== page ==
Here?finally!?is where you can change the DNS suffix. This window also shows the only linkage between Active Directory and DNS resolver behavior. A host's DNS suffix stays the same as its Active Directory domain as long as the Change primary DNS suffix when domain membership changes box is checked, which is the default setting. By unchecking this box and changing the Primary DNS suffix of this computer setting, you can decouple the DNS default domain and Active Directory domain. You do this only if you want your hosts to reside in (that is, be named in) a different domain than your Active Directory domain. Few organizations who set up Active Directory want to do this, and Microsoft does not recommend setting the primary DNS suffix to any value other than the DNS name of an Active Directory domain to which the computer is joined. But enough about Active Directory until Chapter 8.
The Windows 2000 and Windows Server 2003 resolvers also support a different DNS suffix for each network interface on the system. In fact, each network interface (or adapter in Windows parlance) has its own resolver configuration. Getting to the connection-specific resolver configuration windows is a little involved, though: in Windows Server 2003, click on Start, then Control Panel, then Network Connections. This brings up the window shown in Figure 6-4.
This particular host has one LAN network interface. Right-click on the local area network adapter and choose Properties. This brings up a window like the one shown in Figure 6-5.
(If you know which network interface you want to configure, Windows Server 2003 lets you skip this last step by choosing the name of the network adapter from the menu that cascades from the right of Network Connections.)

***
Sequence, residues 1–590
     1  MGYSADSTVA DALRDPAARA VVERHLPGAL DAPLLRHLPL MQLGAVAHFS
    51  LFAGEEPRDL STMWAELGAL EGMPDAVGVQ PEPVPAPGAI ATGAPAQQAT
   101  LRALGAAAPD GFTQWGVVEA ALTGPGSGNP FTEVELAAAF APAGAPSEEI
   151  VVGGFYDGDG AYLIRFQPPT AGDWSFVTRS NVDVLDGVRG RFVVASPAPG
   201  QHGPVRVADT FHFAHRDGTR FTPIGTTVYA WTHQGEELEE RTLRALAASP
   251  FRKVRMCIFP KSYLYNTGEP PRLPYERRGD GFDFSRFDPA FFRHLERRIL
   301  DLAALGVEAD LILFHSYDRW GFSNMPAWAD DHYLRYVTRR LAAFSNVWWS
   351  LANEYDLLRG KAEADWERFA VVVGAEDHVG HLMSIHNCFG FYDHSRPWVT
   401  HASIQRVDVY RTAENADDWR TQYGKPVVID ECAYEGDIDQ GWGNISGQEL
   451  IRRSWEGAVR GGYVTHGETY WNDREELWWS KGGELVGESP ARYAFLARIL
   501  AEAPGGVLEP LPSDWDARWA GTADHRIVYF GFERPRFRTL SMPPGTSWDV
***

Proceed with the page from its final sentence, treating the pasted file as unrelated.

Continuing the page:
Double-click on Internet Protocol (TCP/IP). This displays the second of the three windows used for resolver configuration, which is shown in Figure 6-6.
Further resolver configuration options are available by clicking the Advanced button and selecting the DNS tab, which produces the third and final window with resolver settings; it's shown in Figure 6-7.
The connection-specific DNS suffix is set in the field on the screen in Figure 6-7. Connection-specific DNS suffixes do affect resolver behavior (as we'll talk about in the next section, which discusses the search list), but their primary purpose is to assist with DNS registration. As we discuss in Chapter 8, hosts running Windows 2000, Windows XP, and Windows Server 2003 automatically register their names in DNS. You'd specify a connection-specific suffix if your host connects to multiple networks and needs a different fully qualified domain name on each network. For example, perhaps one interface is connected to a network in which the host is named diehard.movie.edu and another interface is connected to a network in which the host has a different fully qualified domain name, such as diehard.fx.movie.edu.